During the Depression of the 1930s, one of the darkest economic times for the United States, a beacon of light shone forth from a monumental project spanning the Columbia River.
Search for egg predator is under way
This invader eats just about everything that is grown commercially in Hood River. They call it the BMSB for short, but its full common name is the brown marmorated stink bug. It’s a name local growers will become very familiar with, very soon.
Anyone who looked to the north during daylight hours this week might have thought Mount Adams, the dormant volcano, had come back to life.
Hwy. 141 fire nears containment, Mount Adams fire blazes
One fire comes to a close while another rages into full-gear. Welcome to high fire danger season in the Gorge.
Highway 141 fire burning near White Salmon
What started as four small fires along Highway 141 in Washington at about 1:30 p.m. on Wednesday, has now burned over 1,200 acres of open land between White Salmon and Husum. As of press time on Friday morning, officials were reporting a 40 percent containment of the fire.
Hood River mother brings urgent message
When a family loses a relative to suicide, the survivors bear an especially painful grief.
According to West Side Fire Marshall Jim Trammel, the Aug. 27 blaze at 3099 Eliot Drive in the Heights began as a failure of an outdoor extension cord. A garage, a motor home and a car were completed destroyed and a modular home received damage. No injuries occurred.
Rodriguez-Garibo nabbed in Parkdale during night operation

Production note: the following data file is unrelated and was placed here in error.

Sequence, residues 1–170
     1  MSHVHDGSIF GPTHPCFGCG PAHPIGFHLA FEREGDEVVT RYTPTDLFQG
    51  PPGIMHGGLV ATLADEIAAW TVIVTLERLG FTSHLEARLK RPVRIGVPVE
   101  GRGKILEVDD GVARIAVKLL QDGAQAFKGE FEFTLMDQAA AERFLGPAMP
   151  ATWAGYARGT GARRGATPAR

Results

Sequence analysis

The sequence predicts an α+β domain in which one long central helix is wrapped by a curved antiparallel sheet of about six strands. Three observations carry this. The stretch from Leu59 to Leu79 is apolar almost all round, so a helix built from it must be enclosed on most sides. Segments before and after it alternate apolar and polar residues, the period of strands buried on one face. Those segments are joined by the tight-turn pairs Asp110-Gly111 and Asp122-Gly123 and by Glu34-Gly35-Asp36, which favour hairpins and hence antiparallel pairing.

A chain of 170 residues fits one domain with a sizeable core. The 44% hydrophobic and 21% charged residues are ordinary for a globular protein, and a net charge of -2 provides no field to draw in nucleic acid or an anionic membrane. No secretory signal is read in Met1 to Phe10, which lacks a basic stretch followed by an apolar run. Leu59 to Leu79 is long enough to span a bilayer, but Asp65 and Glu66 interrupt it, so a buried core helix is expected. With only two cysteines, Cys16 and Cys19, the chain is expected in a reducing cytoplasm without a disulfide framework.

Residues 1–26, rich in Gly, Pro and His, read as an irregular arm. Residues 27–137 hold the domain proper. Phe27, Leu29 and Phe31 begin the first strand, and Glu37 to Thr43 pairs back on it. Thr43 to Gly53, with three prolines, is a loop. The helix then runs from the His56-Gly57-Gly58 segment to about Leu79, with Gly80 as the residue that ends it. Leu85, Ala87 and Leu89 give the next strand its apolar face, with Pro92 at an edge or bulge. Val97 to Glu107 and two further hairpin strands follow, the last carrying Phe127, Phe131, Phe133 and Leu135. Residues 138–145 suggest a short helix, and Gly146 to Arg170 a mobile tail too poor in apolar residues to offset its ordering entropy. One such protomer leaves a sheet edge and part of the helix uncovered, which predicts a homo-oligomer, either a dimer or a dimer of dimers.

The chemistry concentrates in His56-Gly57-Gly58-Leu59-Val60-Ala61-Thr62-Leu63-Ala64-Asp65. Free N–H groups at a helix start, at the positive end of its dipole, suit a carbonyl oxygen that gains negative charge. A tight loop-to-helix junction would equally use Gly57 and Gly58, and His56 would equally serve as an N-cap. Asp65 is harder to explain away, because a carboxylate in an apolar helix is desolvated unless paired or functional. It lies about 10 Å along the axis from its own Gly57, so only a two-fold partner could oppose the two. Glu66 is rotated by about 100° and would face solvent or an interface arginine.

After living off of orchard fruit and hiding out in rugged forest lands since he allegedly stabbed his employer on Aug. 18, suspect Edgar Omar Rodriguez-Garibo, 38, was taken into custody following a nighttime sheriff’s department stake-out on Aug. 25.
Nobody injured in Monday afternoon Eliot Drive blaze
A giant cloud of billowing, black smoke sent residents to their phones on Monday afternoon as fire blazed through two structures and two vehicles at 3099 Eliot Road.
Mark Flaming awarded $9,346 after proving unauthorized credit card use
With charges on his credit card account totaling over $42,000 for flights that actually cost closer to $18,000, Mark Flaming, of Hood River, sought a civil judgement against Cascade Travel owner Sue Collins in the court room of Judge John A. Olson on Aug. 22.
The company in motion
Great journeys often begin with small steps. In this case, we’re talking dance steps.
Blaine replaces Reinig for HRC
Three new commissioners have joined the ranks of the Columbia River Gorge Commission, including one new representative from Hood River.
Sheriff reports suspect Edgar Rodriguez-Garibo still at large
The Hood River County Sheriff’s Office is searching for a local man who allegedly attacked a woman at a Highway 35 farm on Saturday afternoon. The suspect is identified as Edgar Omar Rodriquez-Garibo, 38.
Osteopathic physician opens integrated medicine practice
The divide between western medical practice and eastern health strategies may be a step closer to harmony with the opening of a new integrative medicine practice under the leadership of Erin Martin, D.O., M.P.H.
Get ready for a terrible story from someone you know — but before you get out your wallets, read on.
1 p.m. ceremony includes honors for Louis Bud Mohr and John Hazlett
With wildfire season upon us, what better time to recognize and honor those citizens who dedicate their lives to protecting the community from the dangers of fire.